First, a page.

On the afternoon of Friday, Nov. 21, 1986, CIA Director William J. Casey, meeting in closed session with members of the House Permanent Select Committee on Intelligence, volunteered a startling admission: that the National Security Council staff had been "guiding and active in the private provision of weapons to the contras." In case the members missed the point, Casey came back to it three times during his testimony.

For Casey, a political ally and friend of the president who never shared secrets with Congress without a reason, this was unprecedented. Casey was confirming a damaging allegation about NSC staff activities -- an allegation that NSC aide Oliver L. North had denied to the same committee just three months earlier.

Some congressional investigators now look back on Casey's testimony last Nov. 21 as the start of "the fall-guy plan."

This plan, as North later described it in his testimony to the congressional Iran-contra panels, called for him and his boss, then-national security adviser John M. Poindexter, to take the blame for covert NSC operations if they were exposed in the widening controversy over U.S. arms sales to Iran.

Was the wily CIA director activating the plan by "giving up Ollie North," as one congressional investigator put it? Was Casey hoping to continue the secret contacts with Iran to get more American hostages freed, and thus turn Reagan's worst debacle into an eleventh-hour triumph?

One piece of evidence supports the view that Casey had initiated a disinformation plan. That same afternoon, according to North's White House deputy, Lt. Col. Robert Earl, North told him that " 'it's time for North to be the scapegoat. Ollie has been designated the scapegoat,' or something like that."

The morning after Casey's appearance, Justice Department officials reviewing NSC files found a North memo mentioning the diversion of proceeds to the contras from the Iranian arms sales. Three days later, on Tuesday, Nov. 25, North was fired and Poindexter resigned as a result of this discovery.

Was the so-called "diversion memo" also part of the fall-guy plan? Was it, perhaps, left in North's files to point the finger at him and Poindexter, thereby protecting the president and perhaps other senior officials or other, even more explosive secret policies? Or was the discovery of the document a genuine accident?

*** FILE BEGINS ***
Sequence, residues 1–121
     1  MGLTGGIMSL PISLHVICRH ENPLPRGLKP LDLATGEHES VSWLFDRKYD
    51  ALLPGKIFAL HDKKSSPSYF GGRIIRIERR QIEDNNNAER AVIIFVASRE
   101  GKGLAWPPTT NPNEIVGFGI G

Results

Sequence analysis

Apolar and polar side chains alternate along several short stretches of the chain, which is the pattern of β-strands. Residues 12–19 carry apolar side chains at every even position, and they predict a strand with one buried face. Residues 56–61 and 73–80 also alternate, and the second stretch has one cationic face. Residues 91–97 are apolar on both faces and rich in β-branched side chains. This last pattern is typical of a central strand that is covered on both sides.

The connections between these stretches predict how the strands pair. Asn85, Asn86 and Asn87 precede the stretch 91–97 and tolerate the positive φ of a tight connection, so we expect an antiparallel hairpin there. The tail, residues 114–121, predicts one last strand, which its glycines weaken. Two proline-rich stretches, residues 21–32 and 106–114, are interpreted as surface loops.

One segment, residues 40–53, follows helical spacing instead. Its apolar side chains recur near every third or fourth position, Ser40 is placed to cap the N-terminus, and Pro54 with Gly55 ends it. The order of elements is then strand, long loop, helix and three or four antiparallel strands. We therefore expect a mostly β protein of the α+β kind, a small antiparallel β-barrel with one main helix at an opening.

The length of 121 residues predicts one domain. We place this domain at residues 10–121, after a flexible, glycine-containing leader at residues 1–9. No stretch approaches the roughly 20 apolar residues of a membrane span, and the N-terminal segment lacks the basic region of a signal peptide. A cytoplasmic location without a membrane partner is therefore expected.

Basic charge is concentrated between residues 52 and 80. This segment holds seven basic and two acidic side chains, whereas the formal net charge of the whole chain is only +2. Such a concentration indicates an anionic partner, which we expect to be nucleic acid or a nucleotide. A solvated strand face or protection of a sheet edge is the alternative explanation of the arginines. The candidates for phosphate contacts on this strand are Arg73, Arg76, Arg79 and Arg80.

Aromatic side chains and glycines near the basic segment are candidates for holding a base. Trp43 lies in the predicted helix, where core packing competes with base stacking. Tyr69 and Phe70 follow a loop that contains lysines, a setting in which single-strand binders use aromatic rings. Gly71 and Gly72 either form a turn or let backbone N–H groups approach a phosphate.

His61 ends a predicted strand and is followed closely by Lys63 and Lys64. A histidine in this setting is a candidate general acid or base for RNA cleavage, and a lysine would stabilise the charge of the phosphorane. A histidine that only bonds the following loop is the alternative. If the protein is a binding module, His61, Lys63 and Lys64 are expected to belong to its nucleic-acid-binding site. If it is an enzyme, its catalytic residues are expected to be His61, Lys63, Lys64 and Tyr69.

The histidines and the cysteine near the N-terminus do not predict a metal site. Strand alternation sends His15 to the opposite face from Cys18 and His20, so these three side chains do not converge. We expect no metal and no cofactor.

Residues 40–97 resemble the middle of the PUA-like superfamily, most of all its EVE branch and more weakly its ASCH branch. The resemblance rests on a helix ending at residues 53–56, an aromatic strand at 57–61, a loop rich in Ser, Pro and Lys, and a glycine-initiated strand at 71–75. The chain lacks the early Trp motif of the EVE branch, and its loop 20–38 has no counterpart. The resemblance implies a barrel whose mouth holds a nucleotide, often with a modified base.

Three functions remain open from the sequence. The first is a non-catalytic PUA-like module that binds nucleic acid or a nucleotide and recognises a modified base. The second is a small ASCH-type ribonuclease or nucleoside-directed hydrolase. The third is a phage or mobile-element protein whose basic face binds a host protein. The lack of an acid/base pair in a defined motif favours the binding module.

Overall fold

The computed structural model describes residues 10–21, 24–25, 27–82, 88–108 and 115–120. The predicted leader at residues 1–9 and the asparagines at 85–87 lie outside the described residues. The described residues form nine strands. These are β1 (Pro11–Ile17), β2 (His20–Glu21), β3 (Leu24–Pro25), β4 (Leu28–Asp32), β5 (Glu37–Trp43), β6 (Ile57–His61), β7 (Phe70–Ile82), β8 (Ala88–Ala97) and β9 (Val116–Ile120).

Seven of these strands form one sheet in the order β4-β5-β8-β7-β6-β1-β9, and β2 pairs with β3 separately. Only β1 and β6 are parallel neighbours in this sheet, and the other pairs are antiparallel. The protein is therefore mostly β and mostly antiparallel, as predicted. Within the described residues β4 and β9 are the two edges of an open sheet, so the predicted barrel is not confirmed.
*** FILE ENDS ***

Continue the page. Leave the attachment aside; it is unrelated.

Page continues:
Like other riddles of the Iran-contra affair, this one may never be solved. Casey is dead; Poindexter and North, by their own testimony, destroyed key documents; North admitted altering others; they and many of the central participants told contradictory stories to the Iran-contra committees or could not remember important details. In the record of testimony, there is hardly a single event about which all witnesses agree.

For the White House, the best reading of the public record so far is one offered by several members of the committees as they ended their public hearings -- that a "junta" of top administration officials had arrogated to themselves the power to conduct national business of grave importance without informing the president and other senior officers of the government. In many key respects this was the story Poindexter told the committees. Committee members publicly raised more questions about Poindexter's credibility than that of any other witness, but so far they have accepted his story.

Many of the investigators still probing the case have concluded that the true story remains to be told. This article, based on documents, testimony and interviews, will examine the plausibility of the stories told by Casey, Poindexter, North and others by comparing their accounts in light of other facts. For example:

The Cover-Up. In testimony about the first weeks of last November, following the public disclosure of U.S. arms sales to Iran, Poindexter acknowledged withholding information from Congress and other administration officials, North and Poindexter admitted destroying or altering documents, and former national security adviser Robert C. McFarlane confirmed that he changed a key chronology. Casey misled or lied to congressional committees and, according to North, suggested the fall-guy plan.

But if there was a cover-up and fall-guy plan, and it was intended to protect the president, could it have been undertaken without Reagan's knowledge? For example, when Poindexter destroyed a presidential intelligence "finding" signed by Reagan Dec. 5, 1985, that retroactively authorized CIA participation in an earlier Israeli weapons transfer to Iran, how could he be sure the president would not recall signing the paper and ask to see it, or mention it to someone else? Poindexter, if he acted alone on this matter, did so just hours after taking part in a meeting with the president and Attorney General Edwin Meese III at which Reagan had ordered Meese to look into that same Israeli arms transfer.